Presented by the Mediare Set-Aside Practice Group

Legal Update for Medicare Set-Aside

Eleventh Circuit Court of Appeals Requires a Liability Insurance Carrier to Pay TWICE After It Grants a Medicare Advantage Plan a Cause of Action  

In a case that will have far reaching effects across the country, the Eleventh Circuit Court of Appeals granted Humana Medical Plan, Inc. a private cause of action to collect as a Medicare Advantage Plan.

In the underlying lawsuit, the plaintiff, Mary Reale, suffered a slip and fall and was injured at Hamptons West Condominiums in Florida in 2009. Humana paid $19,155.41 in medicals. Humana was a Medicare Advantage Plan.

The case settled on April 20, 2010 for $115,000. In the release, the parties indicated there was no Medicare lien or right to subrogation, and Reale agreed to indemnify the defendants against Medicare or other liens or rights to subrogation.

No one paid Humana at the time of settlement. Therefore, Humana sued the releasees and their attorney in the Southern District Federal Court. There was a motion to dismiss the action for lack of subject matter, and Humana voluntarily dismissed the action. The Reales' attorney then filed a state action to determine the interests of Humana. Applying Florida law, the court indicated Humana was entitled to $3,685.03. Humana appealed, and the Florida Third District Court of Appeal reversed for lack of subject jurisdiction and indicated that this was a federal issue. Thus, Humana never recovered from the plaintiff or plaintiffs' attorney.

After this failure, Humana sued Western Heritage Insurance Company in federal court (Humana Medical Plan, Inc. v. Western Heritage Insurance Com) alleging a private cause of action under the Medicare law. The Eleventh Circuit Court of Appeals granted Humana's action and stated that Humana does have a private cause of action, citing the case of Avandia, which was decided in the Third Circuit some years ago. Under the private cause of action, the law requires that damages shall be in an amount double the amount otherwise provided. Thus, the insurance carrier was required to pay double the amount owed. 

In summary, the insurance company paid triple for the medical damages owed to Humana. It made one payment to the plaintiff and then a double amount to Humana at the end of the litigation.

What does this mean for those of us handling workers' compensation and liability cases?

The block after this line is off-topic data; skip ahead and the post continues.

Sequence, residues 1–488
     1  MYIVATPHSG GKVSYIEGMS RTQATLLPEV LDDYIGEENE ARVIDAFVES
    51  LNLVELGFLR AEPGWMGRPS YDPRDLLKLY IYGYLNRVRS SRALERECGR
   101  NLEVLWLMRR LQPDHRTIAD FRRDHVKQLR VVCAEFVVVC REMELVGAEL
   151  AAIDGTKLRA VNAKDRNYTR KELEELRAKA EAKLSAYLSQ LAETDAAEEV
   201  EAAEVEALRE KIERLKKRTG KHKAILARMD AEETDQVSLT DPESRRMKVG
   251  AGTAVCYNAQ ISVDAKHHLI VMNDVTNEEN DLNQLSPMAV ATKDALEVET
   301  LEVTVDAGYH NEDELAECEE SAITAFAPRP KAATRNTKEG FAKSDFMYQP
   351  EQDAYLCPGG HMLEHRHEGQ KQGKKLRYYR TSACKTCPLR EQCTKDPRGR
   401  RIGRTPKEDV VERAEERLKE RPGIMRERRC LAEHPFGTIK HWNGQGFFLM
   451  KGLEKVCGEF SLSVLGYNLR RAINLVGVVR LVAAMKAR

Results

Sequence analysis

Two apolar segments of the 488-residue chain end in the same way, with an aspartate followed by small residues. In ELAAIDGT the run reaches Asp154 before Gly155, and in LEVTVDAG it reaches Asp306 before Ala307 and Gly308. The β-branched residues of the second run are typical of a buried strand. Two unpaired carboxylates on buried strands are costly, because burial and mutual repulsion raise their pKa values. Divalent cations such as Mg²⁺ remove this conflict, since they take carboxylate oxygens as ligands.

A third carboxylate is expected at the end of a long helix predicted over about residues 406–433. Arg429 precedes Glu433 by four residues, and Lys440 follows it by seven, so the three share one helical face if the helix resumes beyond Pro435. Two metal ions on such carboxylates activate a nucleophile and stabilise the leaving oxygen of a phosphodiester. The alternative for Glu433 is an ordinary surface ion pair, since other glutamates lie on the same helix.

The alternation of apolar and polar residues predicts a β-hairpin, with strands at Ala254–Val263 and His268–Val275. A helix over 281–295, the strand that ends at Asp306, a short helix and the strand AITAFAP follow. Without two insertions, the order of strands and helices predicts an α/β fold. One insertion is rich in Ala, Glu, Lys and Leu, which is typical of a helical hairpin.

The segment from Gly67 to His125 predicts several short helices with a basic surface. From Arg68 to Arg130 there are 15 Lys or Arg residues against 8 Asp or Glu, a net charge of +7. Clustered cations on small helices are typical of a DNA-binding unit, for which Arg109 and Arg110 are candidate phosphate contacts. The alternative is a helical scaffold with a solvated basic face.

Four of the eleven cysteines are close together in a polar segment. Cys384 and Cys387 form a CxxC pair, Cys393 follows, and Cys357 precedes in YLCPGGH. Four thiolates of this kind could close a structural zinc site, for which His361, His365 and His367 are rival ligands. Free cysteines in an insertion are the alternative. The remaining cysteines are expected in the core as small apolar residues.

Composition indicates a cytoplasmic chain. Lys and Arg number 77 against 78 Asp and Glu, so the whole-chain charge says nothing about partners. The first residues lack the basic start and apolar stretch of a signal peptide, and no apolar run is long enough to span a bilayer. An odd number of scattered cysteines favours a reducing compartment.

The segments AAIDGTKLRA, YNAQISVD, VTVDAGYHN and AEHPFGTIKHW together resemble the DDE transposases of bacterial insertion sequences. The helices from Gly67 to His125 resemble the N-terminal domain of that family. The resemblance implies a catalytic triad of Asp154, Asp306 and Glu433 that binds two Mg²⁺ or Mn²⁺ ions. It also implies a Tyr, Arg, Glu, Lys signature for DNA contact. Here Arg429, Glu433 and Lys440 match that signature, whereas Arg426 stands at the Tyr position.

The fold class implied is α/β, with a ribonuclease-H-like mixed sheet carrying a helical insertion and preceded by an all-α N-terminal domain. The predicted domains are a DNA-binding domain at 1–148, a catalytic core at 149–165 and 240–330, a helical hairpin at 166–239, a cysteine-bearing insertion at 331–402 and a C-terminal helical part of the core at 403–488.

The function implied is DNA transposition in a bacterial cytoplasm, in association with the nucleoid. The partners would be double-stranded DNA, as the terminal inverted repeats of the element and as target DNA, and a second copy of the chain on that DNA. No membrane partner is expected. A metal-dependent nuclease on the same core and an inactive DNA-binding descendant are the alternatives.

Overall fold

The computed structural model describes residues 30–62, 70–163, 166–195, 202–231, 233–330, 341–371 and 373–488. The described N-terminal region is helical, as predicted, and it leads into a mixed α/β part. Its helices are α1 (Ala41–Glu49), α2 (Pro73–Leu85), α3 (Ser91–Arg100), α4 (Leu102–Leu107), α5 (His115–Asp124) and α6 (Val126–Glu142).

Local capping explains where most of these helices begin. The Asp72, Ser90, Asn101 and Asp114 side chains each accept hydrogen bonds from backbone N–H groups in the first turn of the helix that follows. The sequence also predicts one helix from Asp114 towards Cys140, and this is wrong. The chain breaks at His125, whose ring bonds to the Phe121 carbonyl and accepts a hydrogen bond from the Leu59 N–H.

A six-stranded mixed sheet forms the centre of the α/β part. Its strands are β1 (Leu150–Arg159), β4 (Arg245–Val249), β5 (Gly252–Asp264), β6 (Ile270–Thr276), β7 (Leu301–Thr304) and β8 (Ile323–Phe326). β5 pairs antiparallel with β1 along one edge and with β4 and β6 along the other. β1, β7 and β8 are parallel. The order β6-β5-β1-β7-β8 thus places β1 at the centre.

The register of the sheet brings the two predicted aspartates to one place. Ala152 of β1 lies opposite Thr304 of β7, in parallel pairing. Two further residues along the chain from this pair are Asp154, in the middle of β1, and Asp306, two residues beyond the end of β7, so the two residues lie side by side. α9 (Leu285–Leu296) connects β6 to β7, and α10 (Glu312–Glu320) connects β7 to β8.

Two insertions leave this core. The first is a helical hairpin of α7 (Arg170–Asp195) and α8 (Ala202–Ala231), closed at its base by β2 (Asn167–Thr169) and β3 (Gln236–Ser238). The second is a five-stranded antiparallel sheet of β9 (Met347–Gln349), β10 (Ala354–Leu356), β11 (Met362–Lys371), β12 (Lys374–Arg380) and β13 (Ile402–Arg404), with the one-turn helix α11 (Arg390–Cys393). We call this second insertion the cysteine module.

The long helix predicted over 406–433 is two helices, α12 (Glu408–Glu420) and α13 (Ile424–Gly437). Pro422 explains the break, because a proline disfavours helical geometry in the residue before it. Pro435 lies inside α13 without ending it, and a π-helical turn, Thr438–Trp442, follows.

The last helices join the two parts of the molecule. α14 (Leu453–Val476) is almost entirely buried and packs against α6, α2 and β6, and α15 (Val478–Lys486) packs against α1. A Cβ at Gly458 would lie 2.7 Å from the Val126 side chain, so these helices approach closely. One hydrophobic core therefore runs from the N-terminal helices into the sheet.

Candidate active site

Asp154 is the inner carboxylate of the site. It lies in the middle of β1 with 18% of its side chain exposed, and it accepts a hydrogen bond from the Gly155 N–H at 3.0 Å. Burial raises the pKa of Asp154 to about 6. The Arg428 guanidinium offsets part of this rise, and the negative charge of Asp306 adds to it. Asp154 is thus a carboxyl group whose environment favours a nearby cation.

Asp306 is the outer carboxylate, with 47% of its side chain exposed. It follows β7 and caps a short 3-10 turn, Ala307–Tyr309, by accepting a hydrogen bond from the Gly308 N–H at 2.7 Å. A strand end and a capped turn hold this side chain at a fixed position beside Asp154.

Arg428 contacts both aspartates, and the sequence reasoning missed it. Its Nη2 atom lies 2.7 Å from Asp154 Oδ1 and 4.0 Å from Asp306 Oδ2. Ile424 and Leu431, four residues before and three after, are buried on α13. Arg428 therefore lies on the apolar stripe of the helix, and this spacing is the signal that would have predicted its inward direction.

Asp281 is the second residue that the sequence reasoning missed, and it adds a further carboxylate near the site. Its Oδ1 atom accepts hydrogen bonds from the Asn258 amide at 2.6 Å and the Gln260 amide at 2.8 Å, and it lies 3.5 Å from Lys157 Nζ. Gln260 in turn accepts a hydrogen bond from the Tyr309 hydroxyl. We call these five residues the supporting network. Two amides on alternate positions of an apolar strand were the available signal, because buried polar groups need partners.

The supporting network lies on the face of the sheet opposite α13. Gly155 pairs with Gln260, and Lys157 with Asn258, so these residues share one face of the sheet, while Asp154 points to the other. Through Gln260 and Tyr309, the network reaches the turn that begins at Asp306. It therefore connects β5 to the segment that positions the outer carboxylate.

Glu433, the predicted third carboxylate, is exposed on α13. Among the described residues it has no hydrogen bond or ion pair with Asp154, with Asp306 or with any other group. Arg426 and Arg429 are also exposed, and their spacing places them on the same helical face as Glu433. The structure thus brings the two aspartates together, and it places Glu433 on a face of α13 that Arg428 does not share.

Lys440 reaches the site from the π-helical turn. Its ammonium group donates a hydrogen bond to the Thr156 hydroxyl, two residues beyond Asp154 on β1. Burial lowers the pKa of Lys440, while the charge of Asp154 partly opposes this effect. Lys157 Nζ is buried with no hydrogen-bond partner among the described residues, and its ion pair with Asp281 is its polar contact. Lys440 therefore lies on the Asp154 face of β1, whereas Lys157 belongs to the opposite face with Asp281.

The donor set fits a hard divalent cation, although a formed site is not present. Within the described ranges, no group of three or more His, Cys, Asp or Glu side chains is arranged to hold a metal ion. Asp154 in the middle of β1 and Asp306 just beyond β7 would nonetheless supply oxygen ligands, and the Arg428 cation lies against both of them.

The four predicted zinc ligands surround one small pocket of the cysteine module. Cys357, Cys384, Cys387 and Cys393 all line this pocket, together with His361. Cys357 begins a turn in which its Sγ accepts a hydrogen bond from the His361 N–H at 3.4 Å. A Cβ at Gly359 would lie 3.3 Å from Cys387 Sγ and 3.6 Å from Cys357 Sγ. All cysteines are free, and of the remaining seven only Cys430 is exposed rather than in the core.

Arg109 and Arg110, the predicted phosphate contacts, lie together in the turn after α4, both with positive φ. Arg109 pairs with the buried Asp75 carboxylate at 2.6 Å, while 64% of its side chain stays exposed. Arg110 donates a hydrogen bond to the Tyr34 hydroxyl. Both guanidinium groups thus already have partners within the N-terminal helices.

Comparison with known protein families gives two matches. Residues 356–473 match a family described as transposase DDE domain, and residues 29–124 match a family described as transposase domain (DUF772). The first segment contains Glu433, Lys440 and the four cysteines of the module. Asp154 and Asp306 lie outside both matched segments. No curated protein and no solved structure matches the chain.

In both workers' compensation and liability cases, Medicare Advantage Plans now have a private cause of action in most states. Further, in the Third Circuit and the Eleventh Circuit, both Courts of Appeal indicated that payment should be made within 60 days of the date of settlement in a liability case. There was no mention of workers' compensation, but that payment also may be triggered within 60 days of the date of settlement, just as a conditional payment would be payable to Medicare. Past practice suggests that we could allow a plaintiff's attorney or claimant's attorney to repay Medicare. I do not believe that analysis holds up at the present time. Therefore, this author would make the following recommendations:

  1. In any workers' compensation or liability case, we must find out as early as possible, through discovery, whether the claimant is in a Medicare Advantage Plan or is a Medicare recipient.
  2. If the claimant is a Medicare recipient or a Medicare Advantage Plan participant, we must find out the amount of conditional payments for Medicare and the amount demanded by the Medicare Advantage Plan.
  3. If we have this information early enough, we can contest causality on any conditional payment or demand by a Medicare Advantage Plan. This would be done through the normal administrative process established.
  4. When the case resolves, it is now incumbent upon the employer/insurer/defendant liability insurer to pay the Medicare Advantage Plan within 60 days of the date of settlement. Otherwise, a private cause of action could be instituted, which will result in a double recovery for the Medicare Advantage Plan, plus interest.


In summary, settlement language of indemnification does not provide protection against Medicare conditional payments or a Medicare Advantage Plan demand.

Questions can be directed to James E. Pocius at (570) 496-4601 or

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